Sapphire, The king of gems

Sapphires- The Stone with a Rainbow of Color Choices

Sapphires palette of colors

Natural Sapphire colors

Sapphire, the birthstone of September is a gemstone that is loved by many. Occurring in an array of sparkling colors, sapphire is the gem for 5th wedding anniversary, as well as for the 45th year. With refracting index between 1.762 and 1.770, sapphires are a member of the corundum mineral family. When it comes to sapphires, blue sapphires come first. Blue sapphires occur in a variety of colors ranging from pure blue to greenish blue to purplish blue. The corundum mineral also produces an assortment of crystals in colors green, orange, yellow, purple, pink and other analogous colors. These stones are called fancy sapphires because of their decorative colors.
While most sapphires have monotones, there are some that undergo color change. Under bright daylight and fluorescent lighting, these gems change from blue to purple. Other than the said colors, sapphires also occur in black, brown and gray colors.

Round pink Sapphire

1 carat natural Pink Sapphire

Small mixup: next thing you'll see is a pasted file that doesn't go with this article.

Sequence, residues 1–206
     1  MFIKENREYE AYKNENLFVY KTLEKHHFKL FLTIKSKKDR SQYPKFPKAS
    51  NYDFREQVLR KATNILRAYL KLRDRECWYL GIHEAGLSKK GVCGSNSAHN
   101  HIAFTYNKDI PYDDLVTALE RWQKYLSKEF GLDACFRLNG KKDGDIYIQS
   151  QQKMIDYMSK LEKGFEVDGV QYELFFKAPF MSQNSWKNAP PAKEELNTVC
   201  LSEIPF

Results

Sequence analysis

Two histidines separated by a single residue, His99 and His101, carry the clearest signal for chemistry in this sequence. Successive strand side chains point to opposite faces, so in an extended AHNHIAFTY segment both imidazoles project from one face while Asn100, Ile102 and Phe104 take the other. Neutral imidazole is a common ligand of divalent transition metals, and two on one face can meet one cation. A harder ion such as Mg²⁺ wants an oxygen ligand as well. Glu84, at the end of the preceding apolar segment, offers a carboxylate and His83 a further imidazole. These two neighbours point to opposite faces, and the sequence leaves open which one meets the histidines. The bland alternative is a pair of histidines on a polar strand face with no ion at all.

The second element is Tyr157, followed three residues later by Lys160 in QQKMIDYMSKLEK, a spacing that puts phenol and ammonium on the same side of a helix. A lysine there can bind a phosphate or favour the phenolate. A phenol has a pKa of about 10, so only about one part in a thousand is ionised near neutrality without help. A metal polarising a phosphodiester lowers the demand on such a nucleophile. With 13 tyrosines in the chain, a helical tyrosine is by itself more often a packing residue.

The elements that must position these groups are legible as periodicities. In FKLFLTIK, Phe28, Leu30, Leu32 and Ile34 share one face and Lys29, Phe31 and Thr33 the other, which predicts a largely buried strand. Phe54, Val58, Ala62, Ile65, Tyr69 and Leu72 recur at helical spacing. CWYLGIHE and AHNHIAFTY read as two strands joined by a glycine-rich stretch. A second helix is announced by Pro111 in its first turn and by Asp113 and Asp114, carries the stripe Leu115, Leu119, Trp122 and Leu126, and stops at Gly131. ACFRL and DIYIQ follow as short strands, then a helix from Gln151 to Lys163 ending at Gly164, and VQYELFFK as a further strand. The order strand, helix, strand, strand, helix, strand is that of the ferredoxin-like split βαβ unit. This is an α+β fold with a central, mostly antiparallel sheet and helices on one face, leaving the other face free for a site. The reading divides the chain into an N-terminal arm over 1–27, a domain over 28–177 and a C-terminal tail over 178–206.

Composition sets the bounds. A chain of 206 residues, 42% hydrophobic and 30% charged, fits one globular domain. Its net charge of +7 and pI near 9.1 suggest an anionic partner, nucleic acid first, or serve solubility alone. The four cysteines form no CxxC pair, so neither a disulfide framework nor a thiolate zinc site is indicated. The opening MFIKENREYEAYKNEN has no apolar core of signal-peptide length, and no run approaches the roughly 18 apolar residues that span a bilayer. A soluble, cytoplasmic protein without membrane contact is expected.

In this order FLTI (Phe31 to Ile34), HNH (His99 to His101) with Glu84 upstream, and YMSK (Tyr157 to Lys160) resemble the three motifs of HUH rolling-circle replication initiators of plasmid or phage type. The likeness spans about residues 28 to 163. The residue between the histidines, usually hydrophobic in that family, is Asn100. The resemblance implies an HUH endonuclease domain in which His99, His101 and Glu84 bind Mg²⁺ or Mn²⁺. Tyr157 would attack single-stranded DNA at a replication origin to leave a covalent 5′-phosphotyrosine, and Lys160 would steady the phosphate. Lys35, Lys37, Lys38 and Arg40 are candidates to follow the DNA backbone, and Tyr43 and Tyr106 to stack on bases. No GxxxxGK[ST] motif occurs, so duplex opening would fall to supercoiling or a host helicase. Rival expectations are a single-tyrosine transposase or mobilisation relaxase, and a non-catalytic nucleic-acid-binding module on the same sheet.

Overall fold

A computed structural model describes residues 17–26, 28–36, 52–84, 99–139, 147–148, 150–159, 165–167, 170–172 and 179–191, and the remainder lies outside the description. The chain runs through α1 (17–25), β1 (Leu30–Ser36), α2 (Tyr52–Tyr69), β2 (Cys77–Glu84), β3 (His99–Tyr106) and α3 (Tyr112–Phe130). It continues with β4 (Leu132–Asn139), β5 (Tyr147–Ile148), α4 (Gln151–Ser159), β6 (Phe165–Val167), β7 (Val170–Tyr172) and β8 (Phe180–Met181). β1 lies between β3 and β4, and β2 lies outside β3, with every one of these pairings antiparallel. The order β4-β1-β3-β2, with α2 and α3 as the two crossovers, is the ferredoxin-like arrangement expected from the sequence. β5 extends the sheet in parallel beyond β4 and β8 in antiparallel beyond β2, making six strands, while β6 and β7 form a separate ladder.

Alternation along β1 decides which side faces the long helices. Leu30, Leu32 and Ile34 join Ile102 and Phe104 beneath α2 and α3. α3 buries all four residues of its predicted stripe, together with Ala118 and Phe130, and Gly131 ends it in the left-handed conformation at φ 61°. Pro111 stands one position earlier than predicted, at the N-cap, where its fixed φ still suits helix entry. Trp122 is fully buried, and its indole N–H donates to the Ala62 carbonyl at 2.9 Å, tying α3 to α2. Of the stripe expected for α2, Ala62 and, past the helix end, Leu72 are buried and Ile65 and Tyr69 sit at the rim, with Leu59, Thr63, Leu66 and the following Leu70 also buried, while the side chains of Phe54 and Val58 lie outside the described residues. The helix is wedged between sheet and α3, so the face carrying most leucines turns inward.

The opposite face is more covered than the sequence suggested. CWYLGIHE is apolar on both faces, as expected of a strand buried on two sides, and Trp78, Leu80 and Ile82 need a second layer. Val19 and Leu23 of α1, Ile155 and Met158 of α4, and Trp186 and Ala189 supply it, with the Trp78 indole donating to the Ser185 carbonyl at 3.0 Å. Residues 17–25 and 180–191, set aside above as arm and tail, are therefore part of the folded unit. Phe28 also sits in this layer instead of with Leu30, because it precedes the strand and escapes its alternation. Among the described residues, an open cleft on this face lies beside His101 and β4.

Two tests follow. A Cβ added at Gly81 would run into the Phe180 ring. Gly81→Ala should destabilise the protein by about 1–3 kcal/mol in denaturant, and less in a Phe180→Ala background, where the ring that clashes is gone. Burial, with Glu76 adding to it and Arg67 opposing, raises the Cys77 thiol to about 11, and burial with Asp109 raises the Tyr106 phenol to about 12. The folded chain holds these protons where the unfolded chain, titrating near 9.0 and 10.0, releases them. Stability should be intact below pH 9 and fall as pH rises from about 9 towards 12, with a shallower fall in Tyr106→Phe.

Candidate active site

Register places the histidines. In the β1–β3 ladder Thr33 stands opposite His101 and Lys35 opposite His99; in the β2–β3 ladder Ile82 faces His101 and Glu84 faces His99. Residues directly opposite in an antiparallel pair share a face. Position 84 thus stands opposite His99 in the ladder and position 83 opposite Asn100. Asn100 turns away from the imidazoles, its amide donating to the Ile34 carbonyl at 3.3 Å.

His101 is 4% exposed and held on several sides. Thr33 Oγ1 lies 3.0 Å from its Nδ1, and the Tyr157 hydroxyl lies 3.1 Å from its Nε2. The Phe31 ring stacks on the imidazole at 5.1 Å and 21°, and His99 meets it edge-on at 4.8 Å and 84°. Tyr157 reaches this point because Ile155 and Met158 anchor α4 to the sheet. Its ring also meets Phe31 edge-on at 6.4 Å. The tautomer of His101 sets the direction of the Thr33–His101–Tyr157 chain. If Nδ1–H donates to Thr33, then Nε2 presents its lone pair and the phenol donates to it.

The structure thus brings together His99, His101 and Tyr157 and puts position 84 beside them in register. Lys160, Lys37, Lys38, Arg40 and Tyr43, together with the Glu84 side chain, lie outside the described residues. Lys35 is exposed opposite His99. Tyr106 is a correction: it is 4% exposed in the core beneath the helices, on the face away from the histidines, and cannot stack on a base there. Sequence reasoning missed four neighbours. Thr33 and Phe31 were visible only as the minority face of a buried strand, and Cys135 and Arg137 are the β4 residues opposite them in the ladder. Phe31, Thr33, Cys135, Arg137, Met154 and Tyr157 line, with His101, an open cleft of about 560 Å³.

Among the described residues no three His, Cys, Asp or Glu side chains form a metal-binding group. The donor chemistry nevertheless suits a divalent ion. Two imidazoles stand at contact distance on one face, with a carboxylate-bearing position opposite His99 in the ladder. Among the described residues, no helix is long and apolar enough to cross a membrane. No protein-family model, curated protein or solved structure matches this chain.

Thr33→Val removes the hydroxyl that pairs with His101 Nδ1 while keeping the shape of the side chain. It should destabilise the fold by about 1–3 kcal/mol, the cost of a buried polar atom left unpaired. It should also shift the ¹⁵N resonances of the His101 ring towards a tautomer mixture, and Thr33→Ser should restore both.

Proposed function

Let’s read more on these spectacular stones.

The Star Sapphires of the World
In blue sapphires, the gems that come from Kashmir are the standard. Their velvety deeply saturated color makes them remarkably gorgeous. The engagement ring that can be safely called the worlds most famous is Kate Middleton’s blue sapphire royal ring. The ring wears a spectacular oval-cut blue sapphire on a floating setting encircled by a ring of diamonds. The ring is breathtaking in its design and effect. Blue sapphires may be the stars everywhere, but pink sapphires are not far behind. Padparadscha is the name of a rare kind of pinkish-orange sapphire, its name in Sinhalese means lotus blossom.

Kate Middleton's blue Sapphire halo engagement ring

Kate Middleton Natural Sapphire engagement ring

Fancy Sapphires